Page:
From then on, it's self-fulfilling. If your first serve is slightly off to start with, you ease off and go for good seconds with good placement. When those become consistent (so your second serve becomes a "banker"), you can crank the first serve up and flatten it, until it starts going off the rails again. So, you ease off slightly again - to what by then will have become your very aggressive 2nd serve - till it settles, and then crank it up again.

In reality, if you develop a dependable, well varied and aggressive second serve (which may not give you outright aces, but will still give you plenty of service winners or easy third-shot put-aways), you will very seldom have to tweak it all up in a match so that you lose the feel for both your first and second serves - and if you do, you're playing against a very good returner who's probably a better player than you, so no shame in losing to someone like that!

SystemicAnomaly
07-17-2009, 12:39 AM
Try to practice you service toss on a daily basis, if possible. Or at least 3-4x a week. When practicing your toss, let the tossing arm continue upward after the ball release so that arm is nearly vertical (with your fingers extended up towards the ball. Make sure that your arm does not bend and you do not flip your wrist. After the ball release stay in the trophy position.

Notice where the ball drops with respect to your outstretched hand. If the ball reaches a sufficient height & drops into your extended hand, you're doing ok. If the ball falls slightly forward of your outstretched arm or slightly to the left or right, then these tosses are probably ok as well (this may depend somewhat on your mechanics the type of serve you hit).

Practice your second serve 2-3x a week or more. Do not practice your first serve at all until you can develop a decent 2nd serve that lands in the box 80% or better. If you can manage that consistently, then shoot for 90% or better. If this becomes easy, then go for a bit more -- faster serve or better placement. But only crank it up to the point where you can still maintain an 80+% consistency. The best thing that you can do for your 1st serve is to develop a good, reliable 2nd serve.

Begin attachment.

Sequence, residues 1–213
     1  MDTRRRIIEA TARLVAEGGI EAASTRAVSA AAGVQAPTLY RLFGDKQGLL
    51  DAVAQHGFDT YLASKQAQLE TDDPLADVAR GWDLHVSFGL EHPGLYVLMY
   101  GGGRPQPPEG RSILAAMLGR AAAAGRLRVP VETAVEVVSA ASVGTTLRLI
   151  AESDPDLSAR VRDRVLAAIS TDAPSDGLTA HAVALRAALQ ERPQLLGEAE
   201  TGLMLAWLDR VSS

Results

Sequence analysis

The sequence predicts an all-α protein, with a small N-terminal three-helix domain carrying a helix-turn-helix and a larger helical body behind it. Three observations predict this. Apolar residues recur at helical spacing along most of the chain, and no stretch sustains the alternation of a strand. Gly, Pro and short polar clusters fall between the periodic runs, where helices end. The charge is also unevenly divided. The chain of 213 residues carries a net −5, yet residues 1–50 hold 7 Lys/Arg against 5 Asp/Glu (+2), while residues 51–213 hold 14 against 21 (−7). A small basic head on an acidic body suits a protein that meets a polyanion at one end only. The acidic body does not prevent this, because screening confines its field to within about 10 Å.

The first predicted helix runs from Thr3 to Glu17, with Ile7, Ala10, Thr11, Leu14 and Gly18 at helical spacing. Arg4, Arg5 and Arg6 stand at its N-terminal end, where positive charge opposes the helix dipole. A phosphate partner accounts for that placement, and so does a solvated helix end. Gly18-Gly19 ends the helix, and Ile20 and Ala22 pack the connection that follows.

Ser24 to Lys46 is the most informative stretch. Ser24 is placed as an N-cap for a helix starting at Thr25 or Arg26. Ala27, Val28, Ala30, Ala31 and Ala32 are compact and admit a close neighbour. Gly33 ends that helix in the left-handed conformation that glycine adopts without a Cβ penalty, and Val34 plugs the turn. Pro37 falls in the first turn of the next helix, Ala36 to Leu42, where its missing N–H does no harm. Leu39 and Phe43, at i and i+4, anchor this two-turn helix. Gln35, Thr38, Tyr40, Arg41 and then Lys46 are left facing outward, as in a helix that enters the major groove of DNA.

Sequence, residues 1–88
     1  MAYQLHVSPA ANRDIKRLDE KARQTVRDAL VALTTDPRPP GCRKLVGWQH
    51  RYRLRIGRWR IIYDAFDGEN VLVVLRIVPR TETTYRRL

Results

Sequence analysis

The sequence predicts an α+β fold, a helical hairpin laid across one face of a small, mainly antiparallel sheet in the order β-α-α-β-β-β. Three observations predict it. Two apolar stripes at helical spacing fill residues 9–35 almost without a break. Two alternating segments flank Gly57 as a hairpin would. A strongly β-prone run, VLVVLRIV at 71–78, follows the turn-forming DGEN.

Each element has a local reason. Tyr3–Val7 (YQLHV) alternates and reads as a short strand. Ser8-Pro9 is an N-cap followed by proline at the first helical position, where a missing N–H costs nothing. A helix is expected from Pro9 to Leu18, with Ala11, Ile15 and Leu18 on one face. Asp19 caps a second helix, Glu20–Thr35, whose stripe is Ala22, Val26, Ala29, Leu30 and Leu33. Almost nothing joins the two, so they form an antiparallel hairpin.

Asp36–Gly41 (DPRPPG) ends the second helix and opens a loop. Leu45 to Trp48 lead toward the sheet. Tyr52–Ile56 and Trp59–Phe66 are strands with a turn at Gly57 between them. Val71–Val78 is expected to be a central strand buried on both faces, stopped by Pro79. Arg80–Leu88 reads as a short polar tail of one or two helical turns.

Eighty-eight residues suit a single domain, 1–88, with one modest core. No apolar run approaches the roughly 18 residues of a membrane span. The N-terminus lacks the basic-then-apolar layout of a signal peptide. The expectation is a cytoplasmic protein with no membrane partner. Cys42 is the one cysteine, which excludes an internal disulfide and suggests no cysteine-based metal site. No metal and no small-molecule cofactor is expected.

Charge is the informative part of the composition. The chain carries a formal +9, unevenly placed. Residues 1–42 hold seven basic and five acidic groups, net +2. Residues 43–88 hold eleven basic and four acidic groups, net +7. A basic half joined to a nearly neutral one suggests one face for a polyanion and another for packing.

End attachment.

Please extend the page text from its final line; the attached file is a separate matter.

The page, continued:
When you start to feel more confident about your 2nd serve, then start to play some 1-serve games against opponents. Only 1 serve per point -- a single service fault is a point lost. Try to play several games or a whole set where neither server is allowed a 2nd serve.

prattle128
07-17-2009, 12:57 AM
Try to practice you service toss on a daily basis, if possible. Or at least 3-4x a week. When practicing your toss, let the tossing arm continue upward after the ball release so that arm is nearly vertical (with your fingers extended up towards the ball. Make sure that your arm does not bend and you do not flip your wrist. After the ball release stay in the trophy position.

Notice where the ball drops with respect to your outstretched hand. If the ball reaches a sufficient height & drops into your extended hand, you're doing ok. If the ball falls slightly forward of your outstretched arm or slightly to the left or right, then these tosses are probably ok as well (this may depend somewhat on your mechanics the type of serve you hit).